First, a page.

Search Tips


Use keywords Example
  • Do not search as you would in Google (e.g., instead of ‘What causes diabetes?’ use keywords such as ‘diabetes’ and ‘causes’)
  • Use speech marks for phrases of two or more words (e.g.,“Treaty of Waitangi”)
  • Resources such as Credo or Wikipedia are good places to identify keywords related to your topic

Assignment topic: Assess the impact that social media has had on recent outbreaks of civil unrest.




Use related terms Example
  • Improve your search by using synonyms (different words with the same meaning) (e.g., if searching for ‘teenagers,’ also search ‘adolescents’). Use both words so you do not miss important resources
  • Use a thesaurus to help find synonyms or Google ‘synonym’ and your keyword
  • Use OR to combine synonyms in your searches (e.g., teenagers OR adolescents)



Alternate endings Example
  • When searching for a word that can have multiple endings use truncation (e.g., when searching for words such as child, children, and childhood, use child* to include them all)
  • Some databases may use ‘?’ instead of ‘*’. Use the database’s help if you are unsure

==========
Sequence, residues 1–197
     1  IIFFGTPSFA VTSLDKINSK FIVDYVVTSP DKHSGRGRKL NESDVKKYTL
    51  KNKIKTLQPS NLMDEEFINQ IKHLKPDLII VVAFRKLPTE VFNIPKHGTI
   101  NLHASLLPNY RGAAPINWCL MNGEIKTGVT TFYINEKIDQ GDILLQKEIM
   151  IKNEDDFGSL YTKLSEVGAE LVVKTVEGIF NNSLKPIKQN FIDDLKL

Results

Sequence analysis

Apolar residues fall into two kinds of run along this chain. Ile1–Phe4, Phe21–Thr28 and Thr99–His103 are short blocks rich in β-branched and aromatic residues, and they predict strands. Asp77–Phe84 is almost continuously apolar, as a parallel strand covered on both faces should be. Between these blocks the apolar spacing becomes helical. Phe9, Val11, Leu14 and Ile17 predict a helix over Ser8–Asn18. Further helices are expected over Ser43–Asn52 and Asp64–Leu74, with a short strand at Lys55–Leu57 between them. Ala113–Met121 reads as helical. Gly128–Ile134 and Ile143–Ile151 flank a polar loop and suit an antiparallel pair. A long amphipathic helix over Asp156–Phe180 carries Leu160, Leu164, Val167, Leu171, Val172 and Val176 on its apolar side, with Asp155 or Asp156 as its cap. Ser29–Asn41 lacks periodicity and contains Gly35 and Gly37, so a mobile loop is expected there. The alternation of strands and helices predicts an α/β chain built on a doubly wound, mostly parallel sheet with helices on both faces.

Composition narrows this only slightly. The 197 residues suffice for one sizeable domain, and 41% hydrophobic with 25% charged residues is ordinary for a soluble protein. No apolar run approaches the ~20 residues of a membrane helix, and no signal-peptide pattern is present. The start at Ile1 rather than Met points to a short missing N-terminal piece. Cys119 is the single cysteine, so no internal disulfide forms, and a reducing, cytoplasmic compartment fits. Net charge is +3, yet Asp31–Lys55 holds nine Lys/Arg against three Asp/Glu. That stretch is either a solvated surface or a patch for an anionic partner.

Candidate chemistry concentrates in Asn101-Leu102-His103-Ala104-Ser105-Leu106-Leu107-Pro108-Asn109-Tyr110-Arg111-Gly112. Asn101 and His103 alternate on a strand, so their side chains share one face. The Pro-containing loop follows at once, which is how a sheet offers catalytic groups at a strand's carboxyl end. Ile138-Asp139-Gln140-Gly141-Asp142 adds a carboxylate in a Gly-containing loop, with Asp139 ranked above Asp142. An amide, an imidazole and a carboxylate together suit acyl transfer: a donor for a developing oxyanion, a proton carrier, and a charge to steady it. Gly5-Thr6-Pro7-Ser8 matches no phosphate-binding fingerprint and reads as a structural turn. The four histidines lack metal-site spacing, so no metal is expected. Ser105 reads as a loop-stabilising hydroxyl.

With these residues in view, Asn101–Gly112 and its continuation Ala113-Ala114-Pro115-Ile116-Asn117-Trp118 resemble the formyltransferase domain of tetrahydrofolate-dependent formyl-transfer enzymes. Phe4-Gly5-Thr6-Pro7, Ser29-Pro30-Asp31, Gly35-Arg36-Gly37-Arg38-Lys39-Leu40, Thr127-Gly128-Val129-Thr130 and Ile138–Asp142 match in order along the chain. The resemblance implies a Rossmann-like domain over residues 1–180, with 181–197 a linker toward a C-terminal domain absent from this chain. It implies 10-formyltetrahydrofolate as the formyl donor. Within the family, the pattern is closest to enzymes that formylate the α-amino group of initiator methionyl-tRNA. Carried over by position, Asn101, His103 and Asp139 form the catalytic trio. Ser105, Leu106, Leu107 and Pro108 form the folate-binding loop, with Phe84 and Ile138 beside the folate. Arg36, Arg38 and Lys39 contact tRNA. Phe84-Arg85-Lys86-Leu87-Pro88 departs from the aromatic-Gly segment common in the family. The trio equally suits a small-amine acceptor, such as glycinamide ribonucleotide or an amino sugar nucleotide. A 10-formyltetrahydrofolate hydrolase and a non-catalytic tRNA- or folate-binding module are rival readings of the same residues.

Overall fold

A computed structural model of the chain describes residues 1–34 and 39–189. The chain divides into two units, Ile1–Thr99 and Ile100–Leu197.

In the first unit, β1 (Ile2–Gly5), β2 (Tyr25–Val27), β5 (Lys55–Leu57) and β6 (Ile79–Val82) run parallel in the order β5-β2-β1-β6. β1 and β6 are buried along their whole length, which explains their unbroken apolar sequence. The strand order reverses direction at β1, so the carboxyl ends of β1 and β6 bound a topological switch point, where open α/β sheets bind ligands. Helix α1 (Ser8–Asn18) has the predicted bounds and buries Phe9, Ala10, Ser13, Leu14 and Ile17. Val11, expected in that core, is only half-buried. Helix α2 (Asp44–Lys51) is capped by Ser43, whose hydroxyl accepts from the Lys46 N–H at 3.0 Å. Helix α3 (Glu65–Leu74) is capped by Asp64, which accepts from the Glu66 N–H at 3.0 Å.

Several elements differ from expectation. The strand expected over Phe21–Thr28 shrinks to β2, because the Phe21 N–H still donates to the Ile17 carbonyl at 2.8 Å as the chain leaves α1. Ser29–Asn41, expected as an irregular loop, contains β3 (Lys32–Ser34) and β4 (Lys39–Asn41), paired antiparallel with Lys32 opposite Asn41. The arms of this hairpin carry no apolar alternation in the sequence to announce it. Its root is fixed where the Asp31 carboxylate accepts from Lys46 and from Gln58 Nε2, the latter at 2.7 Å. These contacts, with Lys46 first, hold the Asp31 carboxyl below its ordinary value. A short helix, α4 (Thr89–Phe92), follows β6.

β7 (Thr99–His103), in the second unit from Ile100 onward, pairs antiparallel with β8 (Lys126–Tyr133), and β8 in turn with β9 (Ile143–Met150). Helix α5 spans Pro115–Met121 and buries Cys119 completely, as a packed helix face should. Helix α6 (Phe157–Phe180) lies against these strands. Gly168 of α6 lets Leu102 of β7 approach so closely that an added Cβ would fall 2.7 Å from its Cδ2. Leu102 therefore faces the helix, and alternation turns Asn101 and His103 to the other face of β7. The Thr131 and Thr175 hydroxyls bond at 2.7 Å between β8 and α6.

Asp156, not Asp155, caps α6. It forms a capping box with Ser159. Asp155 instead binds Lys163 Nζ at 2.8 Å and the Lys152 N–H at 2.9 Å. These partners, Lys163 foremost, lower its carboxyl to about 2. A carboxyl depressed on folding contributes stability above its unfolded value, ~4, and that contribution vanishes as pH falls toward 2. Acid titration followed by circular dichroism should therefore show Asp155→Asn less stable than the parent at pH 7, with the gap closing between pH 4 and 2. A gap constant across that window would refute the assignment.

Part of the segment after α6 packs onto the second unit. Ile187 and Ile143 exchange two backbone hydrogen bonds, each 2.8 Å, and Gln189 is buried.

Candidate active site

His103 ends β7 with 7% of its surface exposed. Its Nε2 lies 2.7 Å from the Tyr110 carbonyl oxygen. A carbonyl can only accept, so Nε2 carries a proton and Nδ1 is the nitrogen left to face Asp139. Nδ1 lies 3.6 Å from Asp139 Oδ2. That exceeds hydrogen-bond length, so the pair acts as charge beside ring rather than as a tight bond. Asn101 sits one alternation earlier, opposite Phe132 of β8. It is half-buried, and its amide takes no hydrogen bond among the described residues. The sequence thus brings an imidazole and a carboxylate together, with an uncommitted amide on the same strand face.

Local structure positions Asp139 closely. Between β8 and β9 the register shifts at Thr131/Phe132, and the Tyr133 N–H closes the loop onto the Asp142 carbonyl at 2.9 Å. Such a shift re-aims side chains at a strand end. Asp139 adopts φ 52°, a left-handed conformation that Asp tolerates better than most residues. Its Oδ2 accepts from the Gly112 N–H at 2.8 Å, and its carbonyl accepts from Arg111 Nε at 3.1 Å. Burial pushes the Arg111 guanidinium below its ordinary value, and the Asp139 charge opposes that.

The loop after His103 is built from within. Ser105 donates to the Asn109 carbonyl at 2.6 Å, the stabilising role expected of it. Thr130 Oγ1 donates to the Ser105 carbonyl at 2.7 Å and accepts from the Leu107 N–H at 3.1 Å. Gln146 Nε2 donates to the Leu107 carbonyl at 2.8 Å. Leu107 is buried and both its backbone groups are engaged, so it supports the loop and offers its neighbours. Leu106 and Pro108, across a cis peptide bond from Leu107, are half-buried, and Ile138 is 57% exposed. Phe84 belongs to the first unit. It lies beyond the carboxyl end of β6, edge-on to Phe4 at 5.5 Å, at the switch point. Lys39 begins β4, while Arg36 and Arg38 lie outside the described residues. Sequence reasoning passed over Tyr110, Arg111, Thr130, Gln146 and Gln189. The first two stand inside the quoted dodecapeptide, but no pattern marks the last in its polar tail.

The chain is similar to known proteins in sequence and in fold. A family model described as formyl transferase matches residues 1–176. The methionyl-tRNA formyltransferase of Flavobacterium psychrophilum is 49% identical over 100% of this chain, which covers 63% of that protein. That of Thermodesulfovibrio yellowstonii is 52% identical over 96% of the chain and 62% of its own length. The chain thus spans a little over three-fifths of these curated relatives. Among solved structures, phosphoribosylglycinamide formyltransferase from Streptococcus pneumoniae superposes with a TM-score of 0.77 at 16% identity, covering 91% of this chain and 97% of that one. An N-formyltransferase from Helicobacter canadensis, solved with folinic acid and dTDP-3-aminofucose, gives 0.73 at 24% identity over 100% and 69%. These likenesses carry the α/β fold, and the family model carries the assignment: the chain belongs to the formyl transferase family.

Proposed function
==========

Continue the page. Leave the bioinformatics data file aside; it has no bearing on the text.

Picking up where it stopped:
Combine your terms Example
  • Use AND, OR, NOT to combine your terms
    • AND will search for all terms
    • OR will return results with at least one of your terms
    • NOT will exclude results (e.g., cats NOT dogs)
  • Use brackets to keep the parts of your search distinct



Decreasing your results Example
  • Make keywords more specific or add extra keywords
  • Use limiters to limit results (e.g., limit to a specific date range or resource type, or to peer reviewed or full-text resources only, or other database specific limiters). Limiters are usually on the left or right margins
  • Select a subject specific database rather than a general one
  • Be wary of using keywords that can be used in multiple contexts

Extra keywords: e.g., impact OR affect

More specific keywords: e.g., Twitter, Facebook

Use limiters: e.g. recent dates are more relevant for this topic



Increasing your results Example
  • Broaden your search using synonyms (see Use Related Terms)
  • Consider reducing the number of keywords. Exclude the least important
  • Use truncation (see Alternate Endings)
  • Use broader terms (especially for books)
  • Try searching other library resources

Use more synonyms: e.g.,“online communication,” “civil disturbance”

Use broader terms: e.g., ‘politics’ is broader than ‘civil unrest’

Other resources: Check the relevant Subject Guide



If you require further help with finding journal articles please ask at the desk or contact the Information & Learning Technologies Librarian.

Adam Smith
ph| (06) 974 8000, extension 6067